Of the 43 protestors injured on the 9th, 2 have been thrust into the public eye. The most obvious is Alfie Meadows. He came to the demo from Sussex with his mother as well as other students, unionists, lecturers and activists. He left with a severe brain injury. He was lucky to escape death. Despite numerous accounts of his good nature, many are still blinded by trust in news coverage and the police.

“(…)The only way you will get hurt, as all the tv footage shows, is by being aggressive and on the front line. Whatever his mother thinks, he was part of a baying mob out for blood, and when the mob takes over good sense departs.”

claims the first comment on the Daily Mail.

“Sadly it has proven yet again that the police were ill prepared and one wonders if they will ever get correct procedures in place. The police should not be concerned with the feral trouble makers who get injured, it is their own fault.
Time for more drastic action with water cannon, tear gas and pepper spray against the students next time. For those charged and proven guilty hopefully a prison sentence and removed from whatever college they were studying at.”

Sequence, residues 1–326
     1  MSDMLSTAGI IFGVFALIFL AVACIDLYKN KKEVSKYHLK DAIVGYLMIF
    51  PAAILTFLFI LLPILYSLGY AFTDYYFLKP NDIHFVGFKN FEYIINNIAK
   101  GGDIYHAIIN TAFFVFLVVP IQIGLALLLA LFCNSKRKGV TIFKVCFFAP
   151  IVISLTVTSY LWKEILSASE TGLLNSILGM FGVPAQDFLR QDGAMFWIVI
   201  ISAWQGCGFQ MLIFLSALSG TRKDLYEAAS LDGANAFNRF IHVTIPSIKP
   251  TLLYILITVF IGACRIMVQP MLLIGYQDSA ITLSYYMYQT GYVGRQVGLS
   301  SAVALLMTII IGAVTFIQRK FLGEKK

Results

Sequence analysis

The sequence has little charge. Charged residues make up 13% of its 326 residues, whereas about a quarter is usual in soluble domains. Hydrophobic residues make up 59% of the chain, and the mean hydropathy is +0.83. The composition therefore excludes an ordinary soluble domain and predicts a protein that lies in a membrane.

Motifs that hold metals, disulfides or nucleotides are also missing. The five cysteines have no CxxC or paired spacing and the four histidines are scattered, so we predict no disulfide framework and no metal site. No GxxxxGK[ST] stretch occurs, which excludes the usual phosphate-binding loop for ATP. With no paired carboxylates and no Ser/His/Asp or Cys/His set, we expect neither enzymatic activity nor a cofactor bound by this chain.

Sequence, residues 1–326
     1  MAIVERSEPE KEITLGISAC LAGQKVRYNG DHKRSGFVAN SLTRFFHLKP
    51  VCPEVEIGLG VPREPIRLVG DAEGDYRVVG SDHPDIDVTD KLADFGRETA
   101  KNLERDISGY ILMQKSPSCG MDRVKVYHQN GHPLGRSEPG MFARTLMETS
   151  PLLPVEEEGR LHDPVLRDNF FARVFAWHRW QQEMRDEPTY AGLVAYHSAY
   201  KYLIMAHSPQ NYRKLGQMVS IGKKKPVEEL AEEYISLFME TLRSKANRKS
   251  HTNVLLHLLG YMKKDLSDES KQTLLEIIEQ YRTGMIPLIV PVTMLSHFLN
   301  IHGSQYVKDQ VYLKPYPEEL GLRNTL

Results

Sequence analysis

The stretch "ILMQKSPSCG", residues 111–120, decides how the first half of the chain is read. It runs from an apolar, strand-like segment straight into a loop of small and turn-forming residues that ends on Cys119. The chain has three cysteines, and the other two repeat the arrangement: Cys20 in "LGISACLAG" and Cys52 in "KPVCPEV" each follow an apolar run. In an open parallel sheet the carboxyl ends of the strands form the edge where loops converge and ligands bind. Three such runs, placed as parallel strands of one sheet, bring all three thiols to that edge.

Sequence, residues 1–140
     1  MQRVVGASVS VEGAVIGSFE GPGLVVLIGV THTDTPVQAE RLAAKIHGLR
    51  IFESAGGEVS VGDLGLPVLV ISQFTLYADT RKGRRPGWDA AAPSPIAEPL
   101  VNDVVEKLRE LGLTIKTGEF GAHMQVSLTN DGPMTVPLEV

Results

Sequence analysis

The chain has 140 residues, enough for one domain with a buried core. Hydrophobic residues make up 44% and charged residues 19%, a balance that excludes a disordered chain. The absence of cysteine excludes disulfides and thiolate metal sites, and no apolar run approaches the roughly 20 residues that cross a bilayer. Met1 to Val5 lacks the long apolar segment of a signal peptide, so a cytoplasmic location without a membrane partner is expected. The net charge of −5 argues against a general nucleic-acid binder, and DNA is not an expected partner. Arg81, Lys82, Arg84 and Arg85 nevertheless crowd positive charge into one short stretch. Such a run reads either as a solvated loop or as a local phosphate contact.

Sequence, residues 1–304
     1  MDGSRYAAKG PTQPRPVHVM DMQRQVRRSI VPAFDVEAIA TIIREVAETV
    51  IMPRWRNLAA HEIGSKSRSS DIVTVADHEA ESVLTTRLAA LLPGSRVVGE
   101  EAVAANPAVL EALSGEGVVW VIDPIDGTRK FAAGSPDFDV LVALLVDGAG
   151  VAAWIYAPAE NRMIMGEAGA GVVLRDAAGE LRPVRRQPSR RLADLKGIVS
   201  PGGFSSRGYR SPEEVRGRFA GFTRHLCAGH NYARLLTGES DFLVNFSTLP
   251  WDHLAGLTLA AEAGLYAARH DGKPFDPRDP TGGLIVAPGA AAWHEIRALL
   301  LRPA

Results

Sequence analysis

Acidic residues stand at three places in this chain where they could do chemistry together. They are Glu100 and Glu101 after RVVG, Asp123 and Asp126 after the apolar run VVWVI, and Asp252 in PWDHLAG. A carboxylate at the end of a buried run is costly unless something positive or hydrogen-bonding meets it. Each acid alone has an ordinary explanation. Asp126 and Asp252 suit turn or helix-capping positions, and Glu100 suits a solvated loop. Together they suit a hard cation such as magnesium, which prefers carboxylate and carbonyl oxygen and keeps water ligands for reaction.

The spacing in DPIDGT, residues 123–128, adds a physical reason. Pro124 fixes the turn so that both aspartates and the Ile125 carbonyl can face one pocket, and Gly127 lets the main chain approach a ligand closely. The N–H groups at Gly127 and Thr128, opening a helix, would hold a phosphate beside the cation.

“Any injury to students or the police is wholly regrettable. However, the fact remains if this had been a peaceful protest no one would have been hurt. Please don’t blame the police. No rioting students – no injuries.”

And so it continues. Despite being online people are more than capable of ignoring all contrary video footage. It seems that there is nothing that can really explain these things, no left wing blog, no photos, apart from experience of having been in the midst of these demonstrations. Fat chance of that, with many of the comments still apathetic and hateful against anyone who complains or protests from anywhere other than at their computer. ‘Why don’t we just get on with it?’ Well, our generation has been saying that since it was born. It never saw the point. Only now does it awaken. Whilst many will vehemently disagree with property damage, I believe that Millbank had a huge part to play in inspiring the following demonstrations. We saw that these things were achievable and that there were enough people willing to support and engage in them.